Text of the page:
Although serum AVP levels are initially elevated during shock, levels can fall inappropriately during prolonged shock states and may contribute to the development of decompensated shock.[11, 13] In our model, we observed that serum AVP levels fell dramatically during extended hypotension. Importantly, restoring AVP levels during resuscitation returned the MAP to normal values whereas high-dose catecholamines had no effect on blood pressure. These data support the concept of relative AVP deficiency in hemorrhagic shock as previously described by Morales et al. [13] Using a canine model of acute blood loss, these investigators found that AVP levels fell 10 fold during prolonged hypotension. These inappropriately low AVP values correlated with the development of refractory hypotension that could only be rescued with supplemental AVP. Similarly, we also observed the development of catecholamine resistance in our model. Although we did not measure AVP at the initiation of shock, we did observe a 50% reduction in serum AVP levels from the point of Decompensation to Severe Shock despite persistent hypotension.

Although increased consumption of AVP may contribute to low serum AVP levels in hemorrhagic shock; our data supports hypothesis that impaired production may also play a role.[39] We observed a progressive depletion of pituitary AVP stores with prolonged hemorrhagic shock that persisted for at least 18 hours post-resuscitation. Importantly, while there was a trend toward improved pituitary stores with AVP supplementation during resuscitation, this trend was not maintained 18 hours later.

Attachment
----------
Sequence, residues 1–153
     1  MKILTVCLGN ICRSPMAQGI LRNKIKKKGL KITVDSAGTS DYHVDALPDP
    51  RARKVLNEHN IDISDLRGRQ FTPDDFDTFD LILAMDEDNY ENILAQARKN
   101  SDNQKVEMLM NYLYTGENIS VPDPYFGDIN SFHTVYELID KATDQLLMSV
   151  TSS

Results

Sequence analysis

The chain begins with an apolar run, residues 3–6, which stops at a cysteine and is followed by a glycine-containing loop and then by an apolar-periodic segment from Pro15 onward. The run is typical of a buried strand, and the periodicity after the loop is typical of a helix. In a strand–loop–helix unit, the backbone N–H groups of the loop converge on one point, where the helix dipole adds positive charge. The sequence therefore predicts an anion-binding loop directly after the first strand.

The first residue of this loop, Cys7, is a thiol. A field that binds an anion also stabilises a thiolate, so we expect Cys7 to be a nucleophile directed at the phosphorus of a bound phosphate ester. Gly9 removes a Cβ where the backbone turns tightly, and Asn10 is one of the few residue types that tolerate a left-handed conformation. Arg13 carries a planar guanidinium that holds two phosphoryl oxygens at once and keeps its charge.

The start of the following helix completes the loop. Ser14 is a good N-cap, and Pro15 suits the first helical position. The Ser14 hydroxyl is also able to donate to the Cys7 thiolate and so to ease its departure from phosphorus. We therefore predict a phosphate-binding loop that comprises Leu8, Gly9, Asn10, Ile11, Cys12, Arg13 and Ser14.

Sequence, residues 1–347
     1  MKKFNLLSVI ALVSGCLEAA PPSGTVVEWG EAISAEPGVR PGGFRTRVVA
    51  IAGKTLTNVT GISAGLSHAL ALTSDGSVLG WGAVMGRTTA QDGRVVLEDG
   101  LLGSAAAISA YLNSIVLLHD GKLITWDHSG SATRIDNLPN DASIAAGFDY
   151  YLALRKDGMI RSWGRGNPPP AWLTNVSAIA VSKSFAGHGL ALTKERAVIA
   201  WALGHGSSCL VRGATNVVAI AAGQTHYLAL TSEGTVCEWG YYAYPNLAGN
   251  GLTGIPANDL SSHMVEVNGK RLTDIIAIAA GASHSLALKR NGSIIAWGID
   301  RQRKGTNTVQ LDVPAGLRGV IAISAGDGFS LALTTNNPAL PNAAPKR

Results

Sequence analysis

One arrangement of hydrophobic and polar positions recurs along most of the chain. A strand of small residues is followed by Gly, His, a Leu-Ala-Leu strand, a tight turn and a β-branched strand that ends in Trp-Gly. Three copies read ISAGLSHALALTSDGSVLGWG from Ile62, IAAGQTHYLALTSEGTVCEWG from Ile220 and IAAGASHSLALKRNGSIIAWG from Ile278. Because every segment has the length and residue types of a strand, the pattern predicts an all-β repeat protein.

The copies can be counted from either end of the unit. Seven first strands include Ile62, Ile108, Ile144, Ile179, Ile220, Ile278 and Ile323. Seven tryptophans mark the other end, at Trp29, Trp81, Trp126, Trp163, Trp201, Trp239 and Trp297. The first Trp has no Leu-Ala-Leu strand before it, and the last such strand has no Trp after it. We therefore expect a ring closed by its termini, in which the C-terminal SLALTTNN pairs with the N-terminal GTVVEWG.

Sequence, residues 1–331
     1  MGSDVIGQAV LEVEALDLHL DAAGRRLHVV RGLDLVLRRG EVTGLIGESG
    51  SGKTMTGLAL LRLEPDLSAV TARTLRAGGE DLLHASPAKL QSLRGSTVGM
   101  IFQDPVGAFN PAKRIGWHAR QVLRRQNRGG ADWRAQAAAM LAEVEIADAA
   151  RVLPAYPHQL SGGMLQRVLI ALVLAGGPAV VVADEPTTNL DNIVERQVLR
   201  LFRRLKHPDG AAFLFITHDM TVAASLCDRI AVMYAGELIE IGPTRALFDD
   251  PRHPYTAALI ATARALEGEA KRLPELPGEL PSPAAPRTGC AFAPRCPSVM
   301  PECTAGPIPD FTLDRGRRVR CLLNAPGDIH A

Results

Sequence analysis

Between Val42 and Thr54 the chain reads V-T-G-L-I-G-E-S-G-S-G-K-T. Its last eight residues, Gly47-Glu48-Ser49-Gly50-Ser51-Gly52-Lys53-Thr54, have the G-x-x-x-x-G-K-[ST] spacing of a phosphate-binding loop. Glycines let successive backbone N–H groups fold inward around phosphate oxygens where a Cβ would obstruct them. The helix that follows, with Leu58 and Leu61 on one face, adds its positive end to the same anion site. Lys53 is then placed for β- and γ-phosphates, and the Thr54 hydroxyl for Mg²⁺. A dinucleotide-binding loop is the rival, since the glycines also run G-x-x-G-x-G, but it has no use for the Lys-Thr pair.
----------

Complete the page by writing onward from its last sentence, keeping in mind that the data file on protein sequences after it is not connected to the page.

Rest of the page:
Given we could not restore the MAP with other adrenergic agents, we cannot definitively determine if AVP has direct cellular benefit independent of its impact on blood pressure shock. Nonetheless, a number of in vitro studies support our findings that AVP positively impacts mitochondrial function both acutely and at 18 hours post resuscitation. In isolated hepatocytes, AVP increases cytosolic as well as mitochondrial calcium, which in turn activates Ca2+ dependent Kreb cycle dehydrogenases and increases the level of NADH.[20, 40] The elevation in NADH stimulates CI dependent respiration.[20] Additionally, because AVP increases the mitochondrial Ca2+ concentration, there is a shift in the membrane potential that favors the proton motive force and subsequent ATP production.[21] AVP also decreases apoptosis following anoxia. In isolated hepatocytes, Hoek and colleagues noted that although vasopressin increases intracellular calcium levels, it prevented excessive mitochondrial swelling and the transition to mitochondrial permeability transition–a Ca2+ mediated event that triggers apoptosis.[22] Similarly, our results demonstrate that AVP supplementation during resuscitation significantly preserved CI-dependent respiration and electron transfer. The use of AVP also decreased the generation of mitochondrial ROS, a byproduct of impaired CI activity.[41] Resuscitation with AVP was also decreased renal oxidant damage as measured by lipid peroxidation and protein nitrosylation. Lastly, mitochondria isolated from AVP-treated rats demonstrated increased stability and were less susceptible to mitochondrial permeability transition. Taken together, the use of AVP during resuscitation appears to prevent the development of shock-induced mitochondrial dysfunction.